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BlackBerry makes slow shift to becoming a services company, again

BlackBerry seems to be regaining its base in the enterprise server space fuelled by its new BES 10 offering.

Mr “So while we will continue to have a devices range, we will also provide the software solutions to secure those devices,” BlackBerry India MD Lalvani explained.

Blackberry might be down, but it is definitely not out. While it has not been such a great year for the Canadian smartphone makers, the company seems to be regaining its base in the enterprise server space fuelled by its new BES 10 offering that helps secure even Android and iOS devices. While BlackBerry is already buoyed by the sales of the BlackBerry Z10, even though after a price cut, the company hopes its new five-year agreement with Foxconn Technology Group, outsourcing the production of its smartphones, will help create economies of scale not possible while producing the phones in North America.

“There are three things that will drive the growth for BlackBerry in the coming year. One will be the shift of ownership of production to Foxconn, as we focus on the operating system, R&D and innovation. Plus, we have added 30,000 BES10 servers in the past year since its launch and we have BES 12 on the anvil. And since we opened up BBM there are now 85 million users globally and we are also banking high on monetising BBM channels for brands of which we already have around 2,50,000,” BlackBerry India MD Sunil Lalvani explained during a recent interaction. “These are the four pillars on which the company will grow in the coming months.”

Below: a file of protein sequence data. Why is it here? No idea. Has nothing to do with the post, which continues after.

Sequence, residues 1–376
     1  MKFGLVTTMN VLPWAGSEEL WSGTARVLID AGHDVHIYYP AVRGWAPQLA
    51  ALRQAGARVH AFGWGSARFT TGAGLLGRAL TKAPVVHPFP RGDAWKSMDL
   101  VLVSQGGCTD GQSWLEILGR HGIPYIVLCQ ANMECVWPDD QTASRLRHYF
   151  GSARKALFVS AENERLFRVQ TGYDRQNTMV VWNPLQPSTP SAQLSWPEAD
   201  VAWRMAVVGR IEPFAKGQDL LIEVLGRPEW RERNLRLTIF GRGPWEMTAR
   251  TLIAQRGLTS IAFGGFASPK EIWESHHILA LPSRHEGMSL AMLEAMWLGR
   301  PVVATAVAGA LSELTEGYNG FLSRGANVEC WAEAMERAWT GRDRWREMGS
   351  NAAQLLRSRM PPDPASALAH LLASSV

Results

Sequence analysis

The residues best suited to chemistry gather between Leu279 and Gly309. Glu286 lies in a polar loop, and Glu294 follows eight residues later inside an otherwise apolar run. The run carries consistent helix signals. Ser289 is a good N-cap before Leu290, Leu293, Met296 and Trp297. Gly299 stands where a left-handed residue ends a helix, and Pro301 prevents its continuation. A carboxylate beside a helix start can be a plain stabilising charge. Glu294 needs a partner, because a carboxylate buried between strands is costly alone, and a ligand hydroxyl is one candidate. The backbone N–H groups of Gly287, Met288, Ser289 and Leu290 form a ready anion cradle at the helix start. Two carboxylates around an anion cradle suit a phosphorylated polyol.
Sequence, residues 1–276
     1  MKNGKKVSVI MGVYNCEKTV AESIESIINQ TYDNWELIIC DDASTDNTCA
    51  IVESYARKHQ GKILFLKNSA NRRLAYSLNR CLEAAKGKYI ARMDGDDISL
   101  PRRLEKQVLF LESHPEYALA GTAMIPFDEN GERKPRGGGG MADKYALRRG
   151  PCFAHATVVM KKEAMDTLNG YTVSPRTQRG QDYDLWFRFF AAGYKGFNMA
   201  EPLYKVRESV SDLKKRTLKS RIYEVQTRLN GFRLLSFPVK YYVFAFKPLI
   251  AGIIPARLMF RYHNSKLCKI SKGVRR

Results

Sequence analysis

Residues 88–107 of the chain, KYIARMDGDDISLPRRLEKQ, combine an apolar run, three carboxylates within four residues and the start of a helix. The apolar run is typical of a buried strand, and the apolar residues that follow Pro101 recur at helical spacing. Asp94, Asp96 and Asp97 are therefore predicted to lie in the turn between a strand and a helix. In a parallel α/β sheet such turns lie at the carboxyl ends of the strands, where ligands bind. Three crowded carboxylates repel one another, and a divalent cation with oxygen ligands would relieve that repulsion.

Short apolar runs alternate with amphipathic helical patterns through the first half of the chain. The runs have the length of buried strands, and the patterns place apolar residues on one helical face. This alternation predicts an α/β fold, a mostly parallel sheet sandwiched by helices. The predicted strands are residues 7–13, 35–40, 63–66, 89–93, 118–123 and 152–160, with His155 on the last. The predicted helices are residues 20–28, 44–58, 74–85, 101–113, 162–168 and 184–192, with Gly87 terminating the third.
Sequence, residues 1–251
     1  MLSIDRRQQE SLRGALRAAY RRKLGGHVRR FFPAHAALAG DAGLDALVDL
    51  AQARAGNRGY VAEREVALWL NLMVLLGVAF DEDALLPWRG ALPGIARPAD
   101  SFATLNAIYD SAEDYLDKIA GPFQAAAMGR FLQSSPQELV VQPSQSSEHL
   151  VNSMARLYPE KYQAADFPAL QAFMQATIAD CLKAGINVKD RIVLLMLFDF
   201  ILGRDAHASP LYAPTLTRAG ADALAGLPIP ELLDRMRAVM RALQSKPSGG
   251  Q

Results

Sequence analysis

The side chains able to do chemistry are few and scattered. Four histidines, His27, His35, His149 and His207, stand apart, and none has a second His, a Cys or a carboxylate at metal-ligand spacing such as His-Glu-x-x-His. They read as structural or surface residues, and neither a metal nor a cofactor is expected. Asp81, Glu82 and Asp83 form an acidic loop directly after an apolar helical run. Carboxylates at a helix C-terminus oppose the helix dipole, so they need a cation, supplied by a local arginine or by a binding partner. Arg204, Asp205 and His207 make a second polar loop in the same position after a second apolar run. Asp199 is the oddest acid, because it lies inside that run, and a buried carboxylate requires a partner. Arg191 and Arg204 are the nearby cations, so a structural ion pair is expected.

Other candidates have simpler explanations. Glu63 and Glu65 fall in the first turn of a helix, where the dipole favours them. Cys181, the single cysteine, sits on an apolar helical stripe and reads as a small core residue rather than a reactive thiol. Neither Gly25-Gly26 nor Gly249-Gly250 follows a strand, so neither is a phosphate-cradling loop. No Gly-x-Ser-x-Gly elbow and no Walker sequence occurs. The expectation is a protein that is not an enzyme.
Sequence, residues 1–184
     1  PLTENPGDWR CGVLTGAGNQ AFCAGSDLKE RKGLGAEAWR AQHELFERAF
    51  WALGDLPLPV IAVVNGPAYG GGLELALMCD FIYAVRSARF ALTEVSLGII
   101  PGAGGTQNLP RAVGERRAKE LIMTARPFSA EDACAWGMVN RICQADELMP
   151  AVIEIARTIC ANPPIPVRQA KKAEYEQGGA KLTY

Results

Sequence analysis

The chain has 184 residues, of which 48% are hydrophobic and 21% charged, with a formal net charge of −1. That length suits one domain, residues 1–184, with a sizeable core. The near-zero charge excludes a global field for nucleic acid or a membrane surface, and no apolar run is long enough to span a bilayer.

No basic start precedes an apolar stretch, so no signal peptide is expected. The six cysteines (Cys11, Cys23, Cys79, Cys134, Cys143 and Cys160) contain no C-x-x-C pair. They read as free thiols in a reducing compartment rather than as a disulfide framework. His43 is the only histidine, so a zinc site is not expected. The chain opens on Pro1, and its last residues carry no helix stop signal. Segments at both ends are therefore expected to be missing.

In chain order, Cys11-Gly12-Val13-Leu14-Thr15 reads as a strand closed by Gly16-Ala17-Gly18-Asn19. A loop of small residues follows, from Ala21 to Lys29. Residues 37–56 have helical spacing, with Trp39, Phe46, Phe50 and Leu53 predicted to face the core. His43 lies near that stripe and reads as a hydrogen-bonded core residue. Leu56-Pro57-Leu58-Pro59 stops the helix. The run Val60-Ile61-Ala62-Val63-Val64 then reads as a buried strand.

In fact, the impact is already showing. While two years ago 60 per cent of BlackBerry’s revenue came from hardware and the rest from software, 2013 Q4 results show this has shifted to 63 per cent software and services and the rest hardware. It seems the company wants to maintain this fundamental shift, even while trying its best to grow the hardware side.

BlackBerry now wants to be seen across devices and operating systems, cashing in on the bring your own device trend across the world. According to Gartner, the spend on enterprise software will total $320 billion in 2014, a 6.9 percent increase from 2013. This is the market that BlackBerry wants to tap into. “Mobile Device Management will be one of the growth sector as the endpoints in mobile are growing like never before. So while we will continue to have a devices range, we will also provide the software solutions to secure those devices,” Lalvani explained.

The recent incidents of snooping on heads of states has also given a boost to BlackBerry’s stock with security agencies around the world scurrying to secure their communications. In fact, the company was successful in getting German Chancellor Angela Merkel to shift to a BlackBerry following reports that US may have snooped on her. While BlackBerry used its expertise to encrypt the phones and its data, it called on German company Secusmart to embed an SD card with an encryption engine that converts voice calls to data packets that cannot be hacked into by external agencies.

Though details are sketchy BlackBerry is also working on an enterprise BBM suite. It has already announced that the first solution in the eBBM Suite will be BBM Protected that offers regulated industries the “most secure and reliable real-time mobile messaging”.

It will however be a steep climb for the company until it figures out what to do with its devices. While the Foxconn pact will ensure that the company will be able to bring out cheaper devices, it might not be able to get to the sub-$100 point where it will be able to counter Android. That is why the company wants to stick to its biggest strength, the QWERTY keyboard.
With the shift back to enterprise solutions and QWERTY phones, the company now seems to have come full circle.

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